The drive our to Marrakesh was stunning. The small holdings I’ve mentioned previously gave way to larger commercial arrangements for a time, before opening up into gently undulating rocky terrain. It’s easy to forget that Morocco is an old country, until you stop to question the state of the mud brick and stone structures that are in various states of disrepair; they could have been built 50 years ago or 500 years ago or longer and to my untrained eye it’s hard to tell. I saw people in groups of 2 or 3, but mostly of one, tending small groups of sheep or cows, riding in a cart pulled by a donkey, or planting prickly pear cuttings to serve both as an organic fence and a source of food. I was really taken by the simplicity of their lives, and if the truth be told, drawn to it a little.   Our trip was later in the afternoon in the few hours leading to sunset, so had perfect light when the Atlas Mountains ghosted in to view in the distance and provided a surreal backdrop when we eventually reached Marrakesh. It was dark by the time we got off the bus in what can only be described as complete carnage. Cars, donkeys, dust, blaring horns, bicycles, people, carts, and shouting, and 15 confused looking IBMers with carry-on luggage…  We had booked into shared rooms at a riad (in this case a 2 story square shaped building, with an area for garden or courtyard in the centre) in the media about 300m from  Djeema El-Fina square. Again I was reminded in the caliber of people I’m working with when it came to allocation of beds. There were three guys in our room with only a double bed and a single bed between us, and the other two guys volunteered to take the double bed, and allow me the luxury of the single bed (my larger frame and I were very appreciative). It may not seem like much, but these small acts have a huge impact on group cohesion, especially when so many people have to spend so much time living virtually in each other’s pockets. I’m led to believe there were similar experiences across the rest of the group.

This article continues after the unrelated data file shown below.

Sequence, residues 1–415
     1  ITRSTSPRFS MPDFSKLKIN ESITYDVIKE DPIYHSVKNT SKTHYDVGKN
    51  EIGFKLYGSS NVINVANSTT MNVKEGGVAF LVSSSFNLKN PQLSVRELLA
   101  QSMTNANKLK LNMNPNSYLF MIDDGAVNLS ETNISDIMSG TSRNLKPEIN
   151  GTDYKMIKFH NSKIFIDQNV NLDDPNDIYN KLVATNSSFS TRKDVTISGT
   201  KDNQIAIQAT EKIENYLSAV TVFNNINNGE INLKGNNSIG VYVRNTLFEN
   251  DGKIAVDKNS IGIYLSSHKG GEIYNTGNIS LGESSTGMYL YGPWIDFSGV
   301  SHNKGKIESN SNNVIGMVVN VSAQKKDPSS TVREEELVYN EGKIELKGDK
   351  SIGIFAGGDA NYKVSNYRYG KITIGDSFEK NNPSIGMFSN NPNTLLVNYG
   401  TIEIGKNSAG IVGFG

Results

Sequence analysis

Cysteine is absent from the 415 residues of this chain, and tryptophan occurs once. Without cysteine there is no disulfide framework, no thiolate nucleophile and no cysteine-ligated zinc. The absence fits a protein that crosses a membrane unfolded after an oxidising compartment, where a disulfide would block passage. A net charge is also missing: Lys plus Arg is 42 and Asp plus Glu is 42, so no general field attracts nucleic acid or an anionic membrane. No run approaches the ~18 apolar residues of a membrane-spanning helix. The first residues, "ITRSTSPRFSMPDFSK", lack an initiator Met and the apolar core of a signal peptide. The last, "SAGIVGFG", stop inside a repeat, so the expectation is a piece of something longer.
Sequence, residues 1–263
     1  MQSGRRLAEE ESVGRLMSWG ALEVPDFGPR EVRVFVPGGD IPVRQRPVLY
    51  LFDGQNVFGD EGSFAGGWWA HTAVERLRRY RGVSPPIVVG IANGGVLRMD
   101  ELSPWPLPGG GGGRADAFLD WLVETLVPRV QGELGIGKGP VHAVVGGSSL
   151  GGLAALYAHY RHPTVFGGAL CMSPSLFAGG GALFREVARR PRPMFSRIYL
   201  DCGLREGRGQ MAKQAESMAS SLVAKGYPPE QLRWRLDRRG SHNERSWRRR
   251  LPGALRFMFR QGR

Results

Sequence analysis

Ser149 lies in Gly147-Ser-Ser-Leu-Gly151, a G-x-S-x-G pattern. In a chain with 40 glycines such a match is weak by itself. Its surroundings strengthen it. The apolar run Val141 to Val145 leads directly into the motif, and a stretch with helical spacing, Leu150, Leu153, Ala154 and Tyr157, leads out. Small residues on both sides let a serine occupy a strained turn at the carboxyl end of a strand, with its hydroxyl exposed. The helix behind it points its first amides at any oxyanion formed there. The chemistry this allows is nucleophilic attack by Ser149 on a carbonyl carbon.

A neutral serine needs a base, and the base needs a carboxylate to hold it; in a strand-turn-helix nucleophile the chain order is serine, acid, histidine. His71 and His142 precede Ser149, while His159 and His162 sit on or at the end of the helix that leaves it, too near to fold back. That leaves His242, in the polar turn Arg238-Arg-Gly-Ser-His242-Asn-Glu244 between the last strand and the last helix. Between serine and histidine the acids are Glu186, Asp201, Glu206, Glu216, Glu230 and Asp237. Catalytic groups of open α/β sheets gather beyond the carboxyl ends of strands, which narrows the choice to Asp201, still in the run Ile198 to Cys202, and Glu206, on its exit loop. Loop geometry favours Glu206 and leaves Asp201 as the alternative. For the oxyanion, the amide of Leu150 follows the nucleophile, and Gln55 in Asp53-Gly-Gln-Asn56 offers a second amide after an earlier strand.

Then we hit Djeema El-Fina (the main square of Marrakesh) and I don’t think any of us were prepared for the impact of so many people, sights, smells, and sound – it was incredible. We soon split (disintegrated…?) into smaller groups and make our way to various sights and entertainment.   The square has been going for nearly a thousand years since the plaza was a place for public executions around 1050AD, starting every day around 10am and finishing up around midnight. Our first taste of the action was the nighttime spectacle. There were many small groups in the middle of the square, each one dimly lit by a small fire. There was live (traditional) music, dancing, singing, and story telling. There’s was even one gentleman with a group of patrons talking him through an anatomy book he had open in front of him. These would be replaced during the day by snake charmers, monkeys on leashes, and temporary henna tattoo artists, all vying for the tourist dirham.     

    
   

    

  
 That night a few of walked around some more of the medina alleyways, taking in the colors, and trying to remember the locations of various stalls for future haggling. “Medina” if I’ve not mentioned it before, is basically the name of the location of the markets in each town/city. One of our group had peeled off for dinner, and after we joined them for drinks, we were treated to an in-house belly dancing show. It wasn’t hard to imagine what the place was like 1000 years ago; similar atmosphere but with more intensity. You would have been able to see, buy, or eat just about any animal, and I doubt that was much that you couldn’t have bought, for the right price. I imagine for every bit of circus atmosphere there would have been equal parts of cruelty and despair, as not only could you have questioned what you could buy with your money, but whom…

  
We finished the night with some whisky, a feed of snails in the square, and conversation centered around solving the problems of the world. As the stalls packed up around us, we called it a night, and made our way back to the riad.   Saturday saw most of the group take off  the Atlas Mountains for the day on a guided tour. I opted to stay in Marrakesh and do some more exploring, as I’m planning on seeing lots of the Atlas Mountains during my two weeks of travel after the project. I spent my day walking into the newer part of Marrakesh, which for the most part could be any cosmopolitan city anywhere in the world. Wide well kept streets, beautiful gardens, and even a cyber park where you can sit amongst the trees and connect to free WiFi.